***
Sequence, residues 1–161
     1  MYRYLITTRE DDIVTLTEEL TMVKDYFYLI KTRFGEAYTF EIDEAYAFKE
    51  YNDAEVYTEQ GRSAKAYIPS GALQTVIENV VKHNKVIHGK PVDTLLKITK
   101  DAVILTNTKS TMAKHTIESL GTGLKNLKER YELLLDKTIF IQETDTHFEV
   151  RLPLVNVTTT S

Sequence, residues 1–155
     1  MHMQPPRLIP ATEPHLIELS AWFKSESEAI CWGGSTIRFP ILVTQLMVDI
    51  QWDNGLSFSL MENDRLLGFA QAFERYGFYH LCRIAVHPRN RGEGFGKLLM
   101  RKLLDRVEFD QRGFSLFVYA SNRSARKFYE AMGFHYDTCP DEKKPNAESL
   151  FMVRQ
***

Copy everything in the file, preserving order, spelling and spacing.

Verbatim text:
Sequence, residues 1–161
     1  MYRYLITTRE DDIVTLTEEL TMVKDYFYLI KTRFGEAYTF EIDEAYAFKE
    51  YNDAEVYTEQ GRSAKAYIPS GALQTVIENV VKHNKVIHGK PVDTLLKITK
   101  DAVILTNTKS TMAKHTIESL GTGLKNLKER YELLLDKTIF IQETDTHFEV
   151  RLPLVNVTTT S

Sequence, residues 1–155
     1  MHMQPPRLIP ATEPHLIELS AWFKSESEAI CWGGSTIRFP ILVTQLMVDI
    51  QWDNGLSFSL MENDRLLGFA QAFERYGFYH LCRIAVHPRN RGEGFGKLLM
   101  RKLLDRVEFD QRGFSLFVYA SNRSARKFYE AMGFHYDTCP DEKKPNAESL
   151  FMVRQ